I've really enjoyed doing ceramics work again, although I'll admit that I'm quite rusty (not having formally worked with clay since high school). Last Tuesday was a very rough class for me because at one point, a woman sat at the pottery wheel next to mine chewing a huge wad of gum. Now how's this for torture... My hands are covered with wet clay, so I couldn't put my fingers in my ears. At one point, when I was finished throwing a pot, I got up and was having a debate in my head whether I'd even have the courage to ask the woman to not chew gum around me (something I was VERY reluctant to do), or switch to another pottery wheel far from her, or just call it quits for the night altogether
The instructor saw me during this internal debate and said, "You look like you are lost..." That's when I explained to him about my misophonia and how the gum chewing was disturbing to me. If I had my earplugs, then it would be a different story but in one of those rare moments, I didn't have them with me. So I told him I was going to put my earbuds in to try to help me focus on what I was doing. It worked well for a while until the instructor wanted to tell me something. So, I pulled out one earplug even though my hand was covered with clay slop. (Made a nice white streak down my hair like Lily Munster.) Oh well. Just have to remember to have extra ear plugs in my glove compartment for emergencies.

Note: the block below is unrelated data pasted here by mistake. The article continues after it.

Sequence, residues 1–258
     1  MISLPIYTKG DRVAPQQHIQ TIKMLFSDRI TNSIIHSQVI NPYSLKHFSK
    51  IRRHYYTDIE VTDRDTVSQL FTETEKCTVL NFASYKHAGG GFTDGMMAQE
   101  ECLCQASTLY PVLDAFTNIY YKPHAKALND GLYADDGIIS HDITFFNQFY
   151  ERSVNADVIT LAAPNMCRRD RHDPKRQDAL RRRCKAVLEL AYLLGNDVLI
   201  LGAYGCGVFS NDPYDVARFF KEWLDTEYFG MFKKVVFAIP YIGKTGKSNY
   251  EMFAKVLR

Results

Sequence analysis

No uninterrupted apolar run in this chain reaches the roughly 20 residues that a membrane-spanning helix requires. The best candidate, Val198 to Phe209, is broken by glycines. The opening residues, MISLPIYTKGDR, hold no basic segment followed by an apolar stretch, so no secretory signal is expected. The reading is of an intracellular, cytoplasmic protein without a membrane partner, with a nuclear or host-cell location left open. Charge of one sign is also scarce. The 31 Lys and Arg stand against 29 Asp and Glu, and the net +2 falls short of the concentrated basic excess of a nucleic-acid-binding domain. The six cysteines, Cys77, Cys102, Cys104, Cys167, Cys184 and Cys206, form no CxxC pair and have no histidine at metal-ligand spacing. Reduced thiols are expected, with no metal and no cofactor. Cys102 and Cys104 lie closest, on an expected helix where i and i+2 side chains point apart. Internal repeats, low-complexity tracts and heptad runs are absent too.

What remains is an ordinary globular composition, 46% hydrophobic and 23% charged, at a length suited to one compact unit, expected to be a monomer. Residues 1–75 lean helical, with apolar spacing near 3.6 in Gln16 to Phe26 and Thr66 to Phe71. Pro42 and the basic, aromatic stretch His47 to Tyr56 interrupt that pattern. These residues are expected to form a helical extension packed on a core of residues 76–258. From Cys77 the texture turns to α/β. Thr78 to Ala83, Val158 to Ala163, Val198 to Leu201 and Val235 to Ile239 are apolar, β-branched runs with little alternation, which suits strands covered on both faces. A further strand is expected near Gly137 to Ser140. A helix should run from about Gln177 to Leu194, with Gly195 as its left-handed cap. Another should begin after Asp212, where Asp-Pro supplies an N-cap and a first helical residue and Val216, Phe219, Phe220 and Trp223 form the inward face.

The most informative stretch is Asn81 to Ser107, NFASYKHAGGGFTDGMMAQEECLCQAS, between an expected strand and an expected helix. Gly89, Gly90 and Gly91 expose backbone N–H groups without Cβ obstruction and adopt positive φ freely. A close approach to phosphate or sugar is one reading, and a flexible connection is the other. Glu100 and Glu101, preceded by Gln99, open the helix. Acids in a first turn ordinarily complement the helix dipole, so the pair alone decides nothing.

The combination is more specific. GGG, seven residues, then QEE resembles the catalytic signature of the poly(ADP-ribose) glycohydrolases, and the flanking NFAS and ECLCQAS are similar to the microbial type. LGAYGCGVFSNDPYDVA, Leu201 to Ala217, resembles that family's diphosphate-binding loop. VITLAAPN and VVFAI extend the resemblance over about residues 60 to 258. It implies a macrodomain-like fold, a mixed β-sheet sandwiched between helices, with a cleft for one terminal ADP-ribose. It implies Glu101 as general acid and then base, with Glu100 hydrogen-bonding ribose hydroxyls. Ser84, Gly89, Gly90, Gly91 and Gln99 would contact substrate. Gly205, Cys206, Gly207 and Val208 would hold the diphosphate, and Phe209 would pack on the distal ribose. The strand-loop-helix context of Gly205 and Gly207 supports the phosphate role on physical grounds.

The singing extra-curricular activity has been fun too. Singing in rehearsals again made me realize just how much I enjoyed being in a choral group. What I forgot about was how much it bothered me when people adjacent to me would tap their feet or their fingers to the music. Seeing that again made me remember those triggers from way back when. (That and when some of the guys would whistle during breaks between pieces.) I'm hoping that with more frequent singing, maybe my trigger sensitivity will be reduced to how I was back in my school days. (One can only hope...)
There was something interesting that happened to me at work this week too. During a video conference call with one of our teammates abroad, the person sitting next to me started cracking his knuckles big time. I asked him to stop and although he first snapped back no, he couldn't... (I couldn't tell if he was serious or not), I tried to explain my misophonia but then stopped because I realized it would be too difficult to do so while we were in the middle of the meeting. So, I said I'd explain later... I totally forgot about it until a couple days later when we were both getting coffee in the break room. He asked what I wanted to tell him, so I explained about my discomfort with misophonia triggers. He explained that with his "older" hands, he needs to crack his knuckles, otherwise they start to hurt but he said he'd try not to do so. I said I understood what he felt and didn't want to cause him any discomfort either. I also said I was trying not to talk too much about my misophonia until people really get to know me first and that's when he said something that really touched me... He said, "We're family here. Of course you should let people know when something is bothering you."
After nearly 20 years working at firms where I was in very hostile environments and coworkers would rather stab you in the back to get ahead than work with me as a part of the team... You don't know how long I longed to hear something like that!